The Biggest Mistake You Can Make With Mug Cakes

A mug cake may seem simple enough to make, with fewer ingredients and smaller quantities than a traditional cake — so less room for mistakes, right? Well, not quite. The small size of the treat, particularly the mug you make it in, may limit your ability to properly mix your ingredients together. A regular whisk, for instance, is too big to reach into the space where the wall meets the base, so you might end up with clumps of unmixed dry ingredients at the bottom.

Fortunately, there's an easy fix to this clumpy conundrum, and it's as simple as swapping out your full-size whisk for a mini version. As you can imagine, a mini whisk is much more effective for mixing ingredients in a small dish (such as a mug), being that its smaller loops can reach where larger whisk loops can't. And no more powdery surprises trapped in the bottom of your mug cake sounds like a huge win.

Don't overfill your mug with ingredients

Even with the perfect mini whisk, things can still go wrong when making a mug cake. One big mistake involves overfilling the mug. Just like with any other baked good, mug cakes rise during the cooking process. So, if you fill it past two-thirds of the way full, you're more likely to have a messy overflow situation in the microwave. Overfilling might also affect how well the cake cooks through, as more batter means a longer bake time, which your recipe might not have accounted for.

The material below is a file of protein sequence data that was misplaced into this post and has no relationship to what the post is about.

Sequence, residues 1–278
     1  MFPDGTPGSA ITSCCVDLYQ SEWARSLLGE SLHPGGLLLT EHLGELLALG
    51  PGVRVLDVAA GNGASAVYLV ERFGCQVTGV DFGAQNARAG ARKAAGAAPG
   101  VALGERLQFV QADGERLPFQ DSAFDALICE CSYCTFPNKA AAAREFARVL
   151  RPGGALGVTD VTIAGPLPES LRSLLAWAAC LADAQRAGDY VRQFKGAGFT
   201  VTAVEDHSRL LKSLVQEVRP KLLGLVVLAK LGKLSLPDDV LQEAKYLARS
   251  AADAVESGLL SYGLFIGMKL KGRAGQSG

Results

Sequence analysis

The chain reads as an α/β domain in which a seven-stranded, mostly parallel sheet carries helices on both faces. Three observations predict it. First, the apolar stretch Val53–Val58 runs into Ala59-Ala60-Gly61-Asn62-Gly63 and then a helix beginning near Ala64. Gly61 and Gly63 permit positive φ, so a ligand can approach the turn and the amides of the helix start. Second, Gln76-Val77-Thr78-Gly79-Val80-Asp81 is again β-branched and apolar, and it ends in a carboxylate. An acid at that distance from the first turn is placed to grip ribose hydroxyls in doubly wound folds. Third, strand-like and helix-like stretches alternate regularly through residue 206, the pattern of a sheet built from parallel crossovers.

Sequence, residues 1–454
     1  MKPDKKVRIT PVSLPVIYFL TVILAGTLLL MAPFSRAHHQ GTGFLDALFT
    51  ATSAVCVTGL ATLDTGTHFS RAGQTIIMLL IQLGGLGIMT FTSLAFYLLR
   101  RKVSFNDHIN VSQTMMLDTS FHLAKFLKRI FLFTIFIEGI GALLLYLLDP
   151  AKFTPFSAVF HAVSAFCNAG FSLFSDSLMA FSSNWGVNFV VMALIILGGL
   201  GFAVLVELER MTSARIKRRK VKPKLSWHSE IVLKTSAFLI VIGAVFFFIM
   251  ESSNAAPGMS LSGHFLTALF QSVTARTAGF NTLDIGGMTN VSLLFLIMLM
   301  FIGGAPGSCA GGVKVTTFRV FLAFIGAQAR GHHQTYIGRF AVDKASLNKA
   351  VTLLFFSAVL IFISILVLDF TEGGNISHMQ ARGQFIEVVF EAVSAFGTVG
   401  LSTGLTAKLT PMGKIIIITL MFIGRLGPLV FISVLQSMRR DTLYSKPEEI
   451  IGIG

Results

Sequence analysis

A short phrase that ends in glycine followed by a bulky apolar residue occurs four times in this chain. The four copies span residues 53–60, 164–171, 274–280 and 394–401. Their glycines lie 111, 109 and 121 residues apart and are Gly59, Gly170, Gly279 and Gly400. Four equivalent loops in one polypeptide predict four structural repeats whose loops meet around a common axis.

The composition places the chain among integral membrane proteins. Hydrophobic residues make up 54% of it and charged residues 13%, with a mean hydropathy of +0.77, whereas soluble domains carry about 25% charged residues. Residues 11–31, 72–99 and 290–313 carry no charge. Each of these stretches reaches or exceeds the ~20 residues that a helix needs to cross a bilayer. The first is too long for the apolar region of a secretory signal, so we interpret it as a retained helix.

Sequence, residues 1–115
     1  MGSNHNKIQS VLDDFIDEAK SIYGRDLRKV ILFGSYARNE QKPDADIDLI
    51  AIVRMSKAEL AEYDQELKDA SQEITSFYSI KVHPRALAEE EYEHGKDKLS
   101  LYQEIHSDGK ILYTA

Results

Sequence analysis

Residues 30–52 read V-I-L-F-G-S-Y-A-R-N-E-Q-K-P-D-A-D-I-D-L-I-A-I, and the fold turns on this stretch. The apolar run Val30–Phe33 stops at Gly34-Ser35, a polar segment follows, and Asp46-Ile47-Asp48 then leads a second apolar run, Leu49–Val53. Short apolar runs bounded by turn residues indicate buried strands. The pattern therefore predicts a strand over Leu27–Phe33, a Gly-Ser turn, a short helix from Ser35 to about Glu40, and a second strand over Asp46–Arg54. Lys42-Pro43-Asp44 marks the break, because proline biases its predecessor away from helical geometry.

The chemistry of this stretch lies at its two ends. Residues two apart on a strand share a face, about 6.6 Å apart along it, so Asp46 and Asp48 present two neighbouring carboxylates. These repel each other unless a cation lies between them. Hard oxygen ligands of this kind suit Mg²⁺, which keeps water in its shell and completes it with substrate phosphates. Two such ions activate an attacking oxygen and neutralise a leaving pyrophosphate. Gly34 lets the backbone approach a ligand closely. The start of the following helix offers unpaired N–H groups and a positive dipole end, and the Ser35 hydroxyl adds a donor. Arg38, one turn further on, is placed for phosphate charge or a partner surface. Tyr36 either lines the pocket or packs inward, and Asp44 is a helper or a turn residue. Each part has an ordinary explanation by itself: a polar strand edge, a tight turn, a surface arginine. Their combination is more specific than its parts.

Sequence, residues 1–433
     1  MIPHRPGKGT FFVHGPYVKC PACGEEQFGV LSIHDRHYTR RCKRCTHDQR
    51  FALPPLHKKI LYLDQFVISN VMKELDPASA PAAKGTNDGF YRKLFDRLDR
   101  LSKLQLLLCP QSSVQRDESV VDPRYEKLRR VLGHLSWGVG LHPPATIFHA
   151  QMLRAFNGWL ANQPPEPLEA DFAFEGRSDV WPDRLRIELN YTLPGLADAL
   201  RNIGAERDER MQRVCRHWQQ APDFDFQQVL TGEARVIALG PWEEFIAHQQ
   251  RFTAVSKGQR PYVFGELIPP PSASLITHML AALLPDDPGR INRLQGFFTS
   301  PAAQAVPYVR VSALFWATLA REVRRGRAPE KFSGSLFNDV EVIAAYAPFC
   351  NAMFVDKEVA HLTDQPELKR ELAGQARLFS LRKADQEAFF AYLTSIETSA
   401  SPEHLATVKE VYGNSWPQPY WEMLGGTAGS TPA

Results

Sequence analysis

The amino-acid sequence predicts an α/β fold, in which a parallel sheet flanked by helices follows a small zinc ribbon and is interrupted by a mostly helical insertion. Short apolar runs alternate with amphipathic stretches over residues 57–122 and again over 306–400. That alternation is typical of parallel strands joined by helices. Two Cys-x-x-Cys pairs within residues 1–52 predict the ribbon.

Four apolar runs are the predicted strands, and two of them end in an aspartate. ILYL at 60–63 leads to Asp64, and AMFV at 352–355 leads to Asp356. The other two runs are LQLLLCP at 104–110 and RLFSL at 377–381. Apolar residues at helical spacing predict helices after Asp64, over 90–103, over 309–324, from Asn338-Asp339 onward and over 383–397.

Of course, another issue with overfilling your mug is that it also hinders your ability to mix the ingredients. Sure, a mini whisk will mix your mug cake batter more easily, but you'll still have to deal with batter being displaced over the rim. So save yourself the mess by allowing more space. This will also help you with following the order of operations for combining wet and dry ingredients for the batter, ensuring you have room to evenly distribute them throughout.

Not all mini whisks are created equal

Now that we've established you need mini tools for small-batch baking (and mug-cake mixing), it's time to get into the nitty gritty details. After all, just like its full-size brethren, the mini whisk comes in a number of varieties, and not all of them are best suited to your needs.

When it comes to the loops of the mini whisk, the ideal shape for efficiency is broader rather than narrower. Wider-set loops also allow ingredients to more easily pass through without flying out over the mug's rim and making a big mess. On a similar note, you might see better results from a mini whisk that has more loops as opposed to fewer. In other words, the more you have, the more surface area there is for mixing, so five loops are better than just three.

You should also consider the material the whisk is made of: Thin wires or silicone may not be able to withstand a mug cake's batter, so the best of both worlds is a metal whisk with silicone coating. Not only is it stronger, but the silicone makes it safe for all dishes.